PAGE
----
For more information, call ASPH/CDC fellowship coordinator Gaila Youtsey at (770) 455-6898, or view the announcement on ASPH's website at: http://www.asph.org/get_document.cfm/107/113/5781
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(4)
March 30, 2001
CDC PUBLISHES UPDATE ON RISK FOR MENINGOCOCCAL DISEASE
ASSOCIATED WITH THE HAJJ

CDC published a Public Health Dispatch titled "Update: Assessment of Risk for Meningococcal Disease Associated with the Hajj 2001" in the March 30, 2001, issue of Morbidity and Mortality Weekly Report (MMWR).

According to the article, CDC conducted a study to assess the risk for meningococcal disease in 2001 among U.S. pilgrims to the Hajj in Saudi Arabia. Departing pilgrims and travelers returning from Saudi Arabia were tested for N. meningitidis. Returning pilgrims were found to be more likely to be carriers than departing pilgrims. The article concludes that although overall carriage of N. meningitidis was low, "the high proportion of serogroup W-135 carriage suggests continuing transmission in Saudi Arabia. Evidence of this transmission, combined with reports of cases of invasive disease among pilgrims returning to the United Kingdom who received only bivalent vaccine against serogroup A and C, suggests that U.S. pilgrims should continue to receive quadrivalent meningococcal polysaccharide vaccine before travel to the Hajj."

To obtain the complete text of this article online, go to: http://www.cdc.gov/mmwr/preview/mmwrhtml/mm5012a1.htm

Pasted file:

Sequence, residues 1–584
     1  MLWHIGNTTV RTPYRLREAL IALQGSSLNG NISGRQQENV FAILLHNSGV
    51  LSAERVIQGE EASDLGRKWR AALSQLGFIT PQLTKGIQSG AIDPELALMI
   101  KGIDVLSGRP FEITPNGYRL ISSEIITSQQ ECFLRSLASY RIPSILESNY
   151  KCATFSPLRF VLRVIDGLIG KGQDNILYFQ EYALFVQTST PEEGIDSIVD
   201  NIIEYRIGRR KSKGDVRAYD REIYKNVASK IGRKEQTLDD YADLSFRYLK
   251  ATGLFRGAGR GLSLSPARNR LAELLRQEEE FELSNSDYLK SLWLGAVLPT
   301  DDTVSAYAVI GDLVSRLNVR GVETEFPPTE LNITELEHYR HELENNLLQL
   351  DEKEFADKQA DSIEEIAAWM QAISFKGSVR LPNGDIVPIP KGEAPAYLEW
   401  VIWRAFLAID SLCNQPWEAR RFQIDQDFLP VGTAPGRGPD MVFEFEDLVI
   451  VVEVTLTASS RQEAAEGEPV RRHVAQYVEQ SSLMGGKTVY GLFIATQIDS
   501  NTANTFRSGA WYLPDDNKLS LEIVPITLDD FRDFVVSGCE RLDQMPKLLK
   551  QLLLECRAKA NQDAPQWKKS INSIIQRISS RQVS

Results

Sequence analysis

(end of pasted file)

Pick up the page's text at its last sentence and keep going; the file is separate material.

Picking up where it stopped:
To find out how to receive a free electronic subscription to MMWR, see the information following story 5.
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(5)
March 30, 2001
CDC REPORTS ON GLOBAL INTERRUPTION OF WILD POLIOVIRUS TRANSMISSION

CDC published an article titled "Apparent Global Interruption of Wild Poliovirus Type 2 Transmission" in the March 30, 2001, issue of MMWR. The article notes that despite substantially improved global surveillance of polio since 1999, no wild poliovirus type 2 isolates have been reported in any region of the world since late 1999.

According to the Editorial Note: "The apparent elimination of wild poliovirus type 2 represents a milestone for the global polio eradication initiative and an indication that the current strategies can eradicate poliovirus types 1 and 3."

To obtain the complete text of this article, go to: http://www.cdc.gov/mmwr/preview/mmwrhtml/mm5012a2.htm

HOW TO OBTAIN A FREE ELECTRONIC SUBSCRIPTION TO MMWR:
To obtain a free electronic subscription to Morbidity and Mortality Weekly Report (MMWR), visit CDC's MMWR website at: http://www.cdc.gov/mmwr Select "Free MMWR Subscription" from the menu at the left of the screen. Once you have submitted the required information, weekly issues of the MMWR and all new ACIP statements (published as MMWR's "Recommendations and Reports") will arrive automatically by e-mail. 

 

Immunization Action Coalition1573 Selby AvenueSt. Paul MN 55104
E-mail: admin@immunize.org Web: http://www.immunize.org/
Tel: (651) 647-9009Fax: (651) 647-9131

This page was updated on March 30, 2001